Nanny state strikes again: Turning “personal trainer” into a heavily regulated profession
How to be a personal trainer: Be ripped
Or better yet, being a hunky hunk:
“[N]o matter which Bachelor programming you’re enjoying (or being forced to endure alongside your significant other), there exists one recurring and somewhat societally verified job title guaranteed to show up, highlighted in gradient yellow across the bottom left corner of your screen: Personal Trainer. By our calculations, there have been a total of ten on The Bachelorette alone, and the last guy won—though let’s be honest, this was mostly a manifestation of the pull of this pullover.”
But all that may soon change for the masters of the inguinal crease. The District of Columbia is poised to create an official registry of personal trainers based on credentials that have yet to be specified but are certain to become a model for the rest of the country.
Fish gotta swim, birds gotta fly, and regulators gotta regulate. According to the Washington Post:
“The problem for personal trainers is that no standards currently exist. Instead, dozens of competing descriptions have been written by gym owners, for-profit training companies and self-proclaimed fitness experts. There are even competing organizations that certify competing tests.”
Behind this rush to make rules for the mentors of the sixpack-seekers is–you guessed it–that federal health cow to be milked, Obamacare:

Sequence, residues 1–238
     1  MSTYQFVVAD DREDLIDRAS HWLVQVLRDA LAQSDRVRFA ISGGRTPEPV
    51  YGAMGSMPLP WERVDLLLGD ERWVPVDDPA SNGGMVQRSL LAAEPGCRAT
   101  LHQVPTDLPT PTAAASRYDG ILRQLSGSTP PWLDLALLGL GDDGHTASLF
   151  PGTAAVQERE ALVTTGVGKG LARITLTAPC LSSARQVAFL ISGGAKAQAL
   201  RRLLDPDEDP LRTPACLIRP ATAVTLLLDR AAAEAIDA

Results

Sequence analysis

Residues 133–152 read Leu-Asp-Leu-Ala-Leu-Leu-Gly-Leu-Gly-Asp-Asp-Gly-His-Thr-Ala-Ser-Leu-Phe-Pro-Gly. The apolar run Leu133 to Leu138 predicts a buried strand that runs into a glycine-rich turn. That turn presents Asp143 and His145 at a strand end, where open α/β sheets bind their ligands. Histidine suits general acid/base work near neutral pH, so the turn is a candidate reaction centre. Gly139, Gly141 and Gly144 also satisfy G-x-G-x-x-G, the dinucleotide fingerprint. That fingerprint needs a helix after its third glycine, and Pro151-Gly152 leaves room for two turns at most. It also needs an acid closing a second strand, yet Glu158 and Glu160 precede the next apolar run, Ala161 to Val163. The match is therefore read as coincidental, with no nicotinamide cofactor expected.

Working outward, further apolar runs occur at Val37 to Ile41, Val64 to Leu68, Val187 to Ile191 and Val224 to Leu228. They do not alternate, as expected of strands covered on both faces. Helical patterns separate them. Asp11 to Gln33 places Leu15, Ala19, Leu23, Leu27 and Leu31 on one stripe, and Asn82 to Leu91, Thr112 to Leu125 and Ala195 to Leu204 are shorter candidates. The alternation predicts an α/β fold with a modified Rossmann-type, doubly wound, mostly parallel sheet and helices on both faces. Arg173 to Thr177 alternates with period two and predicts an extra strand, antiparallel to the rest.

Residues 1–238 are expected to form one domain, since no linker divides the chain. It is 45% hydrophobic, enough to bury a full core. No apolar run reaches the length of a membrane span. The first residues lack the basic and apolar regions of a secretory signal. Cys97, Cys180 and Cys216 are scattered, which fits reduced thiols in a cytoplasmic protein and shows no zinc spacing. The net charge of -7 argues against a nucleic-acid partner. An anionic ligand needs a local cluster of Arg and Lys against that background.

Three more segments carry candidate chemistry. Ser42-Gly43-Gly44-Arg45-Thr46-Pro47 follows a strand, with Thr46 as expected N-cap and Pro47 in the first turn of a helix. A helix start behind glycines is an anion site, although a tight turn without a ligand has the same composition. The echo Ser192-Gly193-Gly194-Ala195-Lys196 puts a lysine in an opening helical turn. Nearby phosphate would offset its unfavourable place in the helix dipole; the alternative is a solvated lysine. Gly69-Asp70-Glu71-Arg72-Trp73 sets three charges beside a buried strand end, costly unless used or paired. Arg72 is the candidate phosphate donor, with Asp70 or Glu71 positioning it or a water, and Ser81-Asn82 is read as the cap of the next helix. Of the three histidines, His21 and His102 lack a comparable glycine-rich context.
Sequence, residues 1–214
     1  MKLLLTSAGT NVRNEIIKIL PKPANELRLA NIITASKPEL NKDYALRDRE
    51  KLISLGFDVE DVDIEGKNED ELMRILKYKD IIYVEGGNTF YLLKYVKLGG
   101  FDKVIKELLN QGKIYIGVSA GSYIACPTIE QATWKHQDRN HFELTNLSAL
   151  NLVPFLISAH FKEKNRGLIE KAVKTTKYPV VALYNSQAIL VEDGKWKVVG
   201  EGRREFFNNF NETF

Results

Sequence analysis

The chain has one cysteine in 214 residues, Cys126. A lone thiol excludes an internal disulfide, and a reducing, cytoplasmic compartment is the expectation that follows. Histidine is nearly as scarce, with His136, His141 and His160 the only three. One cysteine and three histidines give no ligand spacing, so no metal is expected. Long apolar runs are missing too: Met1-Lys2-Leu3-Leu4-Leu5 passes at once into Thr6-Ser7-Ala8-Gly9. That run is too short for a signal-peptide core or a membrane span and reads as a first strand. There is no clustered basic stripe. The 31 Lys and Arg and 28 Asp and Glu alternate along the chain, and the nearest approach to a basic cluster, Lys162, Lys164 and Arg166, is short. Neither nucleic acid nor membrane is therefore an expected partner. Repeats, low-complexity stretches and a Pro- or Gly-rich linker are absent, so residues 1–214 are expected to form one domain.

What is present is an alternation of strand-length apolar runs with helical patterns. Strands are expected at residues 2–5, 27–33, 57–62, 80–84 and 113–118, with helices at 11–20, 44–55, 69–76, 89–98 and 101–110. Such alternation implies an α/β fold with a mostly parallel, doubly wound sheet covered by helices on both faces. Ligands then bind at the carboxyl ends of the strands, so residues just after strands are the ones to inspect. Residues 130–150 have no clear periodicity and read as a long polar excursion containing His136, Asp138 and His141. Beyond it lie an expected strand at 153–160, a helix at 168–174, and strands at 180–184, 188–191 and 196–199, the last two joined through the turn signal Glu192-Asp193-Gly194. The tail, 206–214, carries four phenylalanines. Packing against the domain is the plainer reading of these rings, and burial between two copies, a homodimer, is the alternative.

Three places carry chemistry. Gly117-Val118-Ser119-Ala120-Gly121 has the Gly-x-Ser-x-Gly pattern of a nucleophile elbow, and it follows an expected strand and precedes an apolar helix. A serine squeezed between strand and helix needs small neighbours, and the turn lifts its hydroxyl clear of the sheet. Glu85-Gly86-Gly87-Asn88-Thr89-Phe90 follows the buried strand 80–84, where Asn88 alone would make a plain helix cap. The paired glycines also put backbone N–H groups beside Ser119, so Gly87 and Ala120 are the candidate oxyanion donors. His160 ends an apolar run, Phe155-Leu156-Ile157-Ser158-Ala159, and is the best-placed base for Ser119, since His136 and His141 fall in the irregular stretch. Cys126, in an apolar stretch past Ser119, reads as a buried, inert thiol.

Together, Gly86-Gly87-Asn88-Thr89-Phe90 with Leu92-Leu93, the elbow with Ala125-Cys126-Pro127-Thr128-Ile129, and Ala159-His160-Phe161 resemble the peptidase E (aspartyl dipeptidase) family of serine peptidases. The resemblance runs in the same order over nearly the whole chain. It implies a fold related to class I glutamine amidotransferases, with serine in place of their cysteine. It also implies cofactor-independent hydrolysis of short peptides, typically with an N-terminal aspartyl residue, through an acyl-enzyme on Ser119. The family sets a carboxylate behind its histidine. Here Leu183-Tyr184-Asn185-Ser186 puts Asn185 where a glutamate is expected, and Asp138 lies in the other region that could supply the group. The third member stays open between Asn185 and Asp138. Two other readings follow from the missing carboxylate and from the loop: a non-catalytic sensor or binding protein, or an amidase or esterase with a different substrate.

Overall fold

“The credit — or blame — for the newfound urgency can be traced in part to President Obama’s Affordable Care Act. A variety of workplace wellness programs and preventive health-care initiatives called for in the law could soon translate into rivers of billable hours for those with credentials to keep American waistlines in check.
“And that means the race is on to be eligible for those credentials, which could eventually lead to the ability to bill insurance companies for services, much like such professionals as dieticians and physical therapists. With billions of dollars potentially at stake, lawyers and lobbyists are engaged in a no-holds-barred fight to shape the nation’s first-ever rules over who has the right to tell someone else how to exercise.”
In other words, we the premium-payers–and also the taxpayers–may soon be helping to subsidize Hilary Duff’s clubbing dates with Jason Walsh.
Posted by Charlotte Allen